I stumbled across what seemed like an intriguing coincidence this morning, considering how exposed I felt at times last evening, watching at a distance as strangers read my most personal of words.
I agreed to do an art show with a watercolorist friend and it turned out to be more of an invasion than I expected. So, the article entitled "Stop Hiding: It's Time You Embrace Your Creative Identity" intrigued me. I clicked the link, eager to uncover the secret, and the page popped up with a 404 message - unable to find. Apparently, I was on my own.
As an emerging writer, only spending the past four year in earnest pursuit of the craft, I’ve faced a number of challenges; learning to write loose and open, leaving editing for last; allowing what is under the obvious to boil up and over revealing the true source of my inspiration, pushing on beyond the superfluous and safe, and of course, the ultimate challenge of allowing another to read my words, written as they were, intended for my eyes only. That was my usual ruse to ease my defenses and allow for deeper and more honest retrospection, the guarantee that no one else would ever know.
I violated that trust soon after I began to write, partly out of ego, my writing seemed rather insightful and I decided it deserved an audience. My inner voice protested the betrayal but as time went on, they relaxed allowing me to cast my pieces out into the world.
But last night was different. It was a public event, part of Art Walks, intended as an artistic walk about around Sonoma’s Plaza. I entered with my artsy and we created a curated show of her art and my words, called “Images and Insights” and sent in our application. To our surprise, we were accepted and found a welcoming host in Andy, the owner of Readers’ Books, who liked the mix of paint and printed word.
I’ve submitted my work and been published by a number of magazines and online sites. I’ve been a guest blogger and a regular contributor, but that always seemed less intimidating in that the reader was off somewhere, faceless, nameless, reading my work in the comfort of their own surroundings, while I inhabit my own, unaware they were consuming the fruits of my efforts.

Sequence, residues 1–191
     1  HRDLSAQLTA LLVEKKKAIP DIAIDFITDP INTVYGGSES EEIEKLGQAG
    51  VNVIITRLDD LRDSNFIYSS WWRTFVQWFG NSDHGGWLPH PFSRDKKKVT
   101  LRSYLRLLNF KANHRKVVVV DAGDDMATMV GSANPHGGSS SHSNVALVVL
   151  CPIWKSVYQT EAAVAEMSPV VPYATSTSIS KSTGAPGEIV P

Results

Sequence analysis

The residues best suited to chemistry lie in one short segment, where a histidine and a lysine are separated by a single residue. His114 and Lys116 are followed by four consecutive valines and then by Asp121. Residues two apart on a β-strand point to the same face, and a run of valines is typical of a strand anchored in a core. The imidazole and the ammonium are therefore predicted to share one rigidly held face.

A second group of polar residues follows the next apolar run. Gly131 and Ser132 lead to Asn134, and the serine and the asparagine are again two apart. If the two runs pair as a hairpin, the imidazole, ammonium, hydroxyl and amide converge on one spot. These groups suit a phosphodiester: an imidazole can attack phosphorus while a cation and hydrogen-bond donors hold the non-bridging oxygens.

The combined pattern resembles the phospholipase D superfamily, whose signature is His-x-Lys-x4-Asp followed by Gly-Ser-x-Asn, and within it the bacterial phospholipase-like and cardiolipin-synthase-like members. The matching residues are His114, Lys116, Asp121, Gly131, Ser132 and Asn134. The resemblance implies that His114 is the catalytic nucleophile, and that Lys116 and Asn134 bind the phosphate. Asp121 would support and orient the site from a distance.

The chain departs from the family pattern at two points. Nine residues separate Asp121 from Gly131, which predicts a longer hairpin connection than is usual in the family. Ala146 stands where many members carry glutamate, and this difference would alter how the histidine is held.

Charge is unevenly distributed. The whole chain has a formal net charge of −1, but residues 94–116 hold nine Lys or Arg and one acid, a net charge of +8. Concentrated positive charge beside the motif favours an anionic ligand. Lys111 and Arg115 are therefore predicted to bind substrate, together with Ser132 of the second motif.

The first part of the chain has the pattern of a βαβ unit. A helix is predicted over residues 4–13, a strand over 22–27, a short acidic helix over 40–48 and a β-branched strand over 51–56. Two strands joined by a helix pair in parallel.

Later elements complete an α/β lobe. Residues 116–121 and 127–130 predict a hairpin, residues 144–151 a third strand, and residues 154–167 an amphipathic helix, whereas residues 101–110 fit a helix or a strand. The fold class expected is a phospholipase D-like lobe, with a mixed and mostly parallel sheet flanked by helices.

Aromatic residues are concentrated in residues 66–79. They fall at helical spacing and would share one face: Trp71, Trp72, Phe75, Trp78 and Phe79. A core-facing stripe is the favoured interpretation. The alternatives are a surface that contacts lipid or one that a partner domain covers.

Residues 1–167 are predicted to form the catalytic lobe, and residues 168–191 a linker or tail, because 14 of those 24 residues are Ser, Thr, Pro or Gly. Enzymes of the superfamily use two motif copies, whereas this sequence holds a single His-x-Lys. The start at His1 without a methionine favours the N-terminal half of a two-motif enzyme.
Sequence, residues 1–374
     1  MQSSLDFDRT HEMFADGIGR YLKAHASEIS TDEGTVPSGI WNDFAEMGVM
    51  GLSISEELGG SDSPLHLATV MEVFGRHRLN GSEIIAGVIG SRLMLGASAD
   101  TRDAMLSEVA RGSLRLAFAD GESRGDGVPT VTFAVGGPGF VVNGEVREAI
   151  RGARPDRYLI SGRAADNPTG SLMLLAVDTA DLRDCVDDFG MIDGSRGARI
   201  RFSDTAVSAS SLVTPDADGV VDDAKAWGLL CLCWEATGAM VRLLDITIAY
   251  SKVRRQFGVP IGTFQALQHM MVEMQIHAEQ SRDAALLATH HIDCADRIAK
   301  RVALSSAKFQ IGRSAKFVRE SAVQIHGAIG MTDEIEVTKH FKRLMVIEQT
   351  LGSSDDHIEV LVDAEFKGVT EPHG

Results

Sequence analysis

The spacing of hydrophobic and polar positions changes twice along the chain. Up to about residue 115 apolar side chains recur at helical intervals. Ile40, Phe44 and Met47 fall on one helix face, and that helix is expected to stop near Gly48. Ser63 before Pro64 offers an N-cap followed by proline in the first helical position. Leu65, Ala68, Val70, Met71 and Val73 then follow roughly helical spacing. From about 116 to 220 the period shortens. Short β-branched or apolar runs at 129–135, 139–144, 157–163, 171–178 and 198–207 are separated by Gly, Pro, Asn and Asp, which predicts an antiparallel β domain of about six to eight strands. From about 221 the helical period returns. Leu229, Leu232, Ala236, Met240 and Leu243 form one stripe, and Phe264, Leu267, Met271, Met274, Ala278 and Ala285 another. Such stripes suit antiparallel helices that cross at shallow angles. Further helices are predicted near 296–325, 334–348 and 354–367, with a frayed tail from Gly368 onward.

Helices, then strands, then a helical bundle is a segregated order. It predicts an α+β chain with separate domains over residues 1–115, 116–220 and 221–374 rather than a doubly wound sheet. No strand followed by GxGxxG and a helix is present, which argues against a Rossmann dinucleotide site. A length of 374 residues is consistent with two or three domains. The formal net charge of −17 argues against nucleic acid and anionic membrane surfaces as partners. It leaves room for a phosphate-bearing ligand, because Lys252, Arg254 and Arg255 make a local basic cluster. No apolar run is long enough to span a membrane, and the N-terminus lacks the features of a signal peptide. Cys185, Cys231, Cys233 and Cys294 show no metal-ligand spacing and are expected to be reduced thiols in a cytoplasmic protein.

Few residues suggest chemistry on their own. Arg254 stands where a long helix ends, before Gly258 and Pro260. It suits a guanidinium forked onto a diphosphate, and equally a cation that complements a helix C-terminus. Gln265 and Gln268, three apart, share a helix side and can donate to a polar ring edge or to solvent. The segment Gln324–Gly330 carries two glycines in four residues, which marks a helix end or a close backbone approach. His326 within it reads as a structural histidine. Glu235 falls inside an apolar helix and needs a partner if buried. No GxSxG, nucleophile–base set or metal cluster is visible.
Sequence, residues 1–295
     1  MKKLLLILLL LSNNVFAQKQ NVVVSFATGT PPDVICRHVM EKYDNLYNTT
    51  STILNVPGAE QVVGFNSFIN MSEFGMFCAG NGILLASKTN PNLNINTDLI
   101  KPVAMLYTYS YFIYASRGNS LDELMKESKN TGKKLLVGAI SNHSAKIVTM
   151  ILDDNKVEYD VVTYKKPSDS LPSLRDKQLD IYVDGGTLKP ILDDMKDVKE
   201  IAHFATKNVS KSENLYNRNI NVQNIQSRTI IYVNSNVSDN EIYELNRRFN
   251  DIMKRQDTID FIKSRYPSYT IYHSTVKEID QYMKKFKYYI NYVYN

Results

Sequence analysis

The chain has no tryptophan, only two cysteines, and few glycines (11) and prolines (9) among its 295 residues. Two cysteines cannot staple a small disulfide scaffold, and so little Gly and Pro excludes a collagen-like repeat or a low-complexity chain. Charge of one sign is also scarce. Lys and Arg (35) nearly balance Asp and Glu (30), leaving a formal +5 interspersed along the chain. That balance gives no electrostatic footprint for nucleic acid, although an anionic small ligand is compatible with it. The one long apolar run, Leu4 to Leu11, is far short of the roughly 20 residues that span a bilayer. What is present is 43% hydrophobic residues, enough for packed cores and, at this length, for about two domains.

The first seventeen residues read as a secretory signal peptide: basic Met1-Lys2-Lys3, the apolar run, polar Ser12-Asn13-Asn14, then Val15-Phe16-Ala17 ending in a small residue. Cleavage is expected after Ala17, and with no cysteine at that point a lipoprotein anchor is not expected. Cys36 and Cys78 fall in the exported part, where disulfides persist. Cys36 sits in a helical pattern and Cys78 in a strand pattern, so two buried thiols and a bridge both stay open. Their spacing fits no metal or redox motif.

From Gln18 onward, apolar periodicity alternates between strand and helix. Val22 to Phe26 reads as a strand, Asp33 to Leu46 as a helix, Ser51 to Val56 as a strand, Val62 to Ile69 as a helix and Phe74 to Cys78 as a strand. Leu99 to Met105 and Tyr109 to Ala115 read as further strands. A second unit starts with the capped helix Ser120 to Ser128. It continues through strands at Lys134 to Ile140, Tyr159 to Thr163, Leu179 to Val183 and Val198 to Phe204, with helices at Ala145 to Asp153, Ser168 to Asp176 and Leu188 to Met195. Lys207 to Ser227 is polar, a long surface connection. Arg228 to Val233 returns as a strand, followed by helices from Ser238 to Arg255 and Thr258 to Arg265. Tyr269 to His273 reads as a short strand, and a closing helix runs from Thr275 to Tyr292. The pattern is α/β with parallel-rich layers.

I hadn’t thought much about how different this would be until I was preparing my work for the show, proof reading, editing and reading it as if I were a guest. Suddenly, it felt more intimate and I felt more uncomfortable.
I pushed past it, but as the guests wandered in, many old friends and acquaintances but mostly strangers, I struggled with my awkwardness, not sure what to say, how to explain the show, how to find refuse where I could avoid eye contact as people read my inner most thoughts over a chilled glass of French Rose.
I endured as several hours and nearly a hundred people drifted past me, some taking the time to share their thoughts, offer compliments, a few interested enough to actually purchase what I composed. And then it was over.
I drove home, a stew of mixed emotion, too exhausted to examine it before bed. But I awoke at first light feeling shamelessly exposed. I wondered how those who knew me saw this side of me.
It’s not a persona I wear beyond the privacy of my writing nook. I never talk about the topics I cover in my essays and it occurred to me that many probably never expected I had the capacity for it.
I also admitted, feeling sullen over my morning coffee, that discovering, cultivating and developing my creative side was only half of the equation, revealing and then publicly declaring it was another issue.
As the article demanded, it was time for me to stop hiding and embrace my creative identity. But how? And who is this creative being, how do I present her for all she is. I’ve not even found my writer’s voice. Instead a chorus of voices sings out, competing to be the writer I am yet to become. How do I embrace and introduce something still so nebulous and amorphic?
The writer in me seems so different from the classic type A personality I was for the first half of my life. She’s more introverted than I ever expected I could be. Writing has drawn me into myself and I’ve discovered I like it in there, preferring the solitude of my own thoughts over the constant chatter of the outside world.
I’ve spent thousands of hours sequestered behind closed doors, enveloped in the security of my own world, the writer’s world I’ve come to cherish; declining invitations with trumped up excuses to be left to my writing. There isn’t much I’d rather do now.
But last night I was outed; of my own volition admittedly, but it was indeed a coming out. And like Pandora’s box, what I’ve unleashed can never be put back under wraps.
So, allow me to present Fran Braga Meininger, writer. I’ll let the you decide who she is.